Cindy Chavez and Matt Mahan Headed to Runoff in San José Mayoral Race

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Santa Clara County Supervisor Cindy Chavez, left, and San José City Councilmember Matt Mahan will face each other in San José's November mayoral election. (Carlos Cabrera-Lomelí/KQED)

Santa Clara County Supervisor Cindy Chavez took the lead in San José's mayoral primary Tuesday, easily advancing to the November runoff, where she will face City Councilmember Matt Mahan for the top job in America's 10th-largest city.

The first round of results showed Chavez with about 40% of votes, compared to Mahan's 32%. Third-place finisher Dev Davis, also a city councilmember, trailed Mahan by some 22 points.

The runoff between Chavez and Mahan presents a contrast of candidates running on experience and change.

Chavez first ran for mayor in 2006, after two terms on the city council, losing to Chuck Reed that year. In her run this year, Chavez has focused on her work on the Santa Clara County Board of Supervisors, where she has served since 2013. In particular, she touts the county's landmark affordable housing bond — Measure A — and its acquisition of O’Connor Hospital in San José, which faced potential closure.

"What I want people to understand is experience matters and it particularly matters when you can line up accomplishments. Because what faces this city in the future is so significant and so big," Chavez said on election night.

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Mahan, meanwhile, has promised to shake up city government, if elected, with a plan to tie councilmember and department-head raises to metrics measuring progress on reducing homelessness and crime. After co-founding Brigade, an app for civic engagement and political debate, Mahan was elected to the city council in 2020, representing Almaden Valley. As a mayoral candidate, he has vowed to reduce development fees and avoid levying new taxes on businesses as part of his effort to bring more jobs downtown.

"I think voters want real change, and I think they want accountability for results," Mahan said. "And this November, they're going to get a real choice between [me and] someone who's been in the public eye for 30 years, and elected office for nearly 20, and has pushed much of the same policies that have us where we are today."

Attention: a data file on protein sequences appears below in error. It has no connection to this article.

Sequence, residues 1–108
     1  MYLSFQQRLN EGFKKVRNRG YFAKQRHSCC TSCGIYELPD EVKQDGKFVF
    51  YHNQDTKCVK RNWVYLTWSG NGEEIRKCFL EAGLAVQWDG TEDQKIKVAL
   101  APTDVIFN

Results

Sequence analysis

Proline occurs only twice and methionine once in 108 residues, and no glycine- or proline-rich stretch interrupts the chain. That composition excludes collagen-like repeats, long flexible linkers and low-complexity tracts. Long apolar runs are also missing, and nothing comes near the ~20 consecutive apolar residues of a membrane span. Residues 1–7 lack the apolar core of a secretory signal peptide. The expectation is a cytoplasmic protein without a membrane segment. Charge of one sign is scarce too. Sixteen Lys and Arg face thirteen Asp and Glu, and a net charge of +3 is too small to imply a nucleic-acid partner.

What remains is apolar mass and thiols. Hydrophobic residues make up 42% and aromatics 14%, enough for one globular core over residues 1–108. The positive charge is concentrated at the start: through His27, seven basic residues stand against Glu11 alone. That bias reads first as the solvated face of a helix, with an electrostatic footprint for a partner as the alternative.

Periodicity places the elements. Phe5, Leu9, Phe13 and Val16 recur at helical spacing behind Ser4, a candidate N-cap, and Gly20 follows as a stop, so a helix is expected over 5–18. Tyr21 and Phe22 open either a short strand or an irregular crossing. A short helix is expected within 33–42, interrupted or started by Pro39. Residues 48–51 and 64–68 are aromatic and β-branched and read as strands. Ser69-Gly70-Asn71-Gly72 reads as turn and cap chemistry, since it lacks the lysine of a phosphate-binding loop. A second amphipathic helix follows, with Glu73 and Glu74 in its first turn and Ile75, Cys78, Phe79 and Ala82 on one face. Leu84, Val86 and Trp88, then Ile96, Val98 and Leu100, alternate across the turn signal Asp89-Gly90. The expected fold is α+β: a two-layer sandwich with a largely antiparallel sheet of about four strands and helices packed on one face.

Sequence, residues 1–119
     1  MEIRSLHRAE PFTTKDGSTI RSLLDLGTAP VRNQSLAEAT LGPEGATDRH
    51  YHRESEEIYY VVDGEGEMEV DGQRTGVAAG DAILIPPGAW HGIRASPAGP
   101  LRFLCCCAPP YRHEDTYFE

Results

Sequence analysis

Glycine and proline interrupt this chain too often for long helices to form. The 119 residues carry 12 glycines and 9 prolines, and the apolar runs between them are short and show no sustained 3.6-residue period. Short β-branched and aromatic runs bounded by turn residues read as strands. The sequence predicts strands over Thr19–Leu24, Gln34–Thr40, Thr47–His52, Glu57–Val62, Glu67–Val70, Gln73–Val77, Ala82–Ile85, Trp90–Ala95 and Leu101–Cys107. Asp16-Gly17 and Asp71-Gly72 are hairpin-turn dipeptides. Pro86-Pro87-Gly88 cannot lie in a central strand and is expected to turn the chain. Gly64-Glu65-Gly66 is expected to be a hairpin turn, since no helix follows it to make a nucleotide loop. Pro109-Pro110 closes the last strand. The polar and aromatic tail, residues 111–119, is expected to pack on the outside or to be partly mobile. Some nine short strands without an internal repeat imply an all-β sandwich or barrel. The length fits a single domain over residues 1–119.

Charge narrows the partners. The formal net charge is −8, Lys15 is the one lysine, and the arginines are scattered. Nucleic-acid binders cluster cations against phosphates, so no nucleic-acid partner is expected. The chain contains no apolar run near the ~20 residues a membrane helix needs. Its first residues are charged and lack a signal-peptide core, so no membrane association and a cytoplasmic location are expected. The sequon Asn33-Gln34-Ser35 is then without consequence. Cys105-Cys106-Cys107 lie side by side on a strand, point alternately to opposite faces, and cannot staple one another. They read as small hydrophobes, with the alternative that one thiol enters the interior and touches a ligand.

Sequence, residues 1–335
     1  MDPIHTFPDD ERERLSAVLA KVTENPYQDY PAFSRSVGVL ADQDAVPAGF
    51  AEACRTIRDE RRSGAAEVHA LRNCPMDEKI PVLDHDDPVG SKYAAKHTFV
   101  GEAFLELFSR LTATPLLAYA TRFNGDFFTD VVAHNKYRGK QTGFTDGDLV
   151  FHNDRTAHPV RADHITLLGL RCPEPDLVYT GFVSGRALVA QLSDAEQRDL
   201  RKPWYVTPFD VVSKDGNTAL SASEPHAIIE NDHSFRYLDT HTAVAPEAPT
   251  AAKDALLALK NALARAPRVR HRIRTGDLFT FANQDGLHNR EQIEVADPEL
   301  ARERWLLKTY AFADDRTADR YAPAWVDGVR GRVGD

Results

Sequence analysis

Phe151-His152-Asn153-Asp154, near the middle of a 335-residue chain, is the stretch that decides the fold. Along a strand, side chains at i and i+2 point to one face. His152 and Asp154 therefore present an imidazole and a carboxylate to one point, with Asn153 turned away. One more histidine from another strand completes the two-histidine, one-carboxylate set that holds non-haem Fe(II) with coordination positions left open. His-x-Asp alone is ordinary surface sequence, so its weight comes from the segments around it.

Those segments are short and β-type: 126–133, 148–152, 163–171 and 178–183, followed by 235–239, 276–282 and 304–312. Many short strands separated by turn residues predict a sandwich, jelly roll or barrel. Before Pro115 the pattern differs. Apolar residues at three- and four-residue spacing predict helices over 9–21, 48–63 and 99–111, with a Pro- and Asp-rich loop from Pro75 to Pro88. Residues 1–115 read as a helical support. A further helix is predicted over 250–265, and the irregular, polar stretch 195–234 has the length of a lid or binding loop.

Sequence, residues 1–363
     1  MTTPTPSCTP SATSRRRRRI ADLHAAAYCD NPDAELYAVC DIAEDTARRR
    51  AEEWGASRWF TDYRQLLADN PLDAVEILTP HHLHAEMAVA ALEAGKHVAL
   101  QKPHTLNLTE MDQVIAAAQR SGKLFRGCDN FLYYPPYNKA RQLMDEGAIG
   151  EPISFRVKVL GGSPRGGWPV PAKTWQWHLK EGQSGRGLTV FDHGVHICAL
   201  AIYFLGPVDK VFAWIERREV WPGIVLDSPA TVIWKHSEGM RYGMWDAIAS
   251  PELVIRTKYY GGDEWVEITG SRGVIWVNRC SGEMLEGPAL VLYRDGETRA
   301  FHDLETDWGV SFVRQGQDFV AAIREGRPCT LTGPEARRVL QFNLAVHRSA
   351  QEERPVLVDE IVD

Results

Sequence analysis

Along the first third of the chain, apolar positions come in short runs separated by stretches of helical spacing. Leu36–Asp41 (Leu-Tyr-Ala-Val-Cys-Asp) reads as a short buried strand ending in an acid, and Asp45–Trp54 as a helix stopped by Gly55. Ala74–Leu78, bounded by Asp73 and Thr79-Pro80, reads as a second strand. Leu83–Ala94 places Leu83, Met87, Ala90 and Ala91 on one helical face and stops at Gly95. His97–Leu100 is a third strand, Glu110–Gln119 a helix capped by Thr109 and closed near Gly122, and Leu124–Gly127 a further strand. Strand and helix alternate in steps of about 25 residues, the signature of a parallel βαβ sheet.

Mahan’s pro-business platform puts him and Chavez on opposite sides of the business-labor divide that has long framed politics in the city. Before her election to the board of supervisors, Chavez ran the powerful South Bay AFL-CIO Labor Council.

For the most part, that divide steered the millions of dollars of outside spending that poured into the race. While Chavez and Mahan's campaigns each spent north of $900,000, independent expenditure committees backed by the Labor Council and the San Jose Police Officers’ Association spent a combined $680,620 to bolster Chavez’s candidacy. Local business leader Carl Guardino and the San Francisco 49ers also threw their weight behind Chavez, spending hundreds of thousands of dollars to air digital and cable ads backing the supervisor.

Meanwhile, a super PAC created by current mayor Sam Liccardo brought together tech and developer dollars to spend $360,373 in support of Mahan.

Those resources helped Chavez and Mahan outpace Dev Davis and Raul Peralez, the other two elected officials in the field.

"They were able to do a lot of mailers and a lot more ads because of that outside money," Davis said on Tuesday night. "And so it definitely gets in front of people's eyes much more."

Davis, whose District 6 council seat centers on Willow Glen, ran on a platform of what she called “tough love,” with a pledge to ban homeless encampments, staff up the city’s police force and strongly protect single-family zoning. During her tenure, Davis has chided her fellow councilmembers for pursuing legislation that requires gun owners to purchase insurance and allows noncitizens to vote.

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Peralez, a former city police officer who represents downtown on the council, hoped to challenge Chavez for the progressive vote. He garnered support from YIMBY groups with his push for more state involvement in housing laws, and promised to expand sanctioned homeless encampments and push for free public transit for lower-income residents and students.

"Having my roots here in the city have I think allowed me to be a voice for some of our communities that traditionally has not had that voice," Peralez said on Tuesday, while adding "It's sobering, disappointing not to be in the runoff."

The top priority of whoever wins the race in November likely will be tackling the city’s worsening homelessness crisis. San José’s unhoused population has grown by 11% since 2019, according to the latest point-in-time count, and the federal government has pressured the city to clear its largest encampment, located on city land south of the Norman Y. Mineta San Jose International Airport. In his 2021 state of the city address, Liccardo called homelessness “our greatest failure.”

As part of San José’s weak-mayor system, the mayor has just one vote on the city council on major policy issues. But the winner of the November runoff nonetheless will have an opportunity to leave an indelible mark on the Bay Area’s largest city — where major downtown development projects, like Google’s Downtown West development and the planned BART extension to Diridon Station, are expected to break ground in the next decade.

San José voters on Tuesday also appeared likely to approve Measure B, a proposal to shift future mayoral elections to presidential election years. That change will force the next mayor to go back on the ballot in just two years. But it also opens the possibility for that candidate to additionally serve two four-year terms, amounting to up to 10 years in office — the longest mayoral tenure in city history.